Friday, December 11, 2009

Interview With Stock Photographer Don Farrall

A bursting bubble photographed by Don Farrall for his stock photo collection ©Don Farrall

Don, I know that you embraced the RF stock model early on and it has worked very well for you. Can you bring us up to speed on how you came to be a professional photographer and how you became involved in stock photography?

When I was fifteen, my father gave me a hand-me-down Mamiya-Sekor 500 DTL, and I was hooked. From there, it was on to Brooks Institute, followed by a four-year stint at Hallmark Cards, in Kansas City MO, followed by a four-year stint in Dallas, TX as a “Retail Product” photographer, where my main client was Neiman-Marcus. In 1988, I returned to Nebraska, my home state; opening a studio in Lincoln. My Dallas experience was as a specialist-photographer; my experience in Nebraska has been as a generalist-photographer, shooting for advertising clients.

In The early ‘90’s, I submitted images to “The Image Bank” and to “Comstock”; they were not interested, my work was too general. In 1996, Photodisc was looking for contributing photographers, so I submitted 100 images for consideration. The images were primarily backgrounds; very basic elements. I really didn’t have any idea how lucrative that experiment would turn out to be. Photodisc published two complete Don Farrall-Elements Discs, along with another thirty or so disc products that included some of my work. Photodisc began placing images in a searchable database on the web, and the rest is history. Within two years, the revenue was surpassing my assignment work. As the revenue grew, I invested more money and more time into stock production. Getty bought Photodisc, and I have been a contracted Getty contributor since.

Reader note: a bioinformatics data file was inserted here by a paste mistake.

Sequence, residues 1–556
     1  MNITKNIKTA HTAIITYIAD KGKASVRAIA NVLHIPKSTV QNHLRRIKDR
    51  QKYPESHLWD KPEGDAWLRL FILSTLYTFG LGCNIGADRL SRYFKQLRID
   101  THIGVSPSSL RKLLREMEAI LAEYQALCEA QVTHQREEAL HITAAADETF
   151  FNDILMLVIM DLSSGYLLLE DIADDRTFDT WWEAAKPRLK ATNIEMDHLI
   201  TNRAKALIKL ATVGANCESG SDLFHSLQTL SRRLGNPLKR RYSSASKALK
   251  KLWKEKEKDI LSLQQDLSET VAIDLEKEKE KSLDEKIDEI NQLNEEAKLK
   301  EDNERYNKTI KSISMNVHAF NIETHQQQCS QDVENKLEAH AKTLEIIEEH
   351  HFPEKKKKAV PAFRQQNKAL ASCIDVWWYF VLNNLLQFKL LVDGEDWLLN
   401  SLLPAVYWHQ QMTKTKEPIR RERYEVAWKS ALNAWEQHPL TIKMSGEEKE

What percentage of your work is currently stock?

I am currently spending about 50% of my time working on stock production, (which includes research), 30% of my time shooting for clients, and the other 20% learning something new that will hopefully contribute to both my stock and my assignment income. Of late, this has included video.

From an income standpoint, stock is still my main income source. My assignment revenue is down a bit, mostly due to the lackluster economy as far as I can tell. I am doing the same repeat projects, but the projects are smaller than they have been in the recent past. My stock income is down, but it seems to have stabilized.

Do you see that percentage changing in coming years?

When stock was king, I could rationalize spending all my time shooting stock, and for a few years I quit doing any assignment work. But I missed the contact with other creatives. I like a balance, and I like having an additional revenue stream. Unless things change too much, I suppose the percentages will stay about as they are.

I know you have work distributed through Getty. Are you using other outlets as well?

Getty has been very good to me. I am one of the few photographers, who on most occasions, will defend Getty. I placed a few hundred images with Alamy a few years ago, before Getty started accepting RF images into Photographer’s Choice. At the time, I had some “orphaned” images that were Getty “non-selects” that I wanted to place somewhere; so I put them on Alamy. When Getty opened up “Photographer’s Choice Royalty Free”, I pulled the best of my images from Alamy and put them on Getty PCRF. This was a good move; and for what it’s worth, Getty should have accepted them in the first place, my PCRF “return per image” is on par with my editor selects. I still have a few hundred images with Alamy, mostly more editorial in nature, and they bring in a reasonable monthly income, but I have not been contributing much new material there. With Alamy, search order (Rank) is very critical, and I have managed to maintain a high Alamy Rank. I have placed a small collection of images in the microstock marketplace as a test, with the intent of understanding what the fuss has been about. I’m sure you’ll ask a more direct microstock question, which I will attempt to answer in a diplomatic way.

Do you do any direct sales? If not, do you have any plans to do so?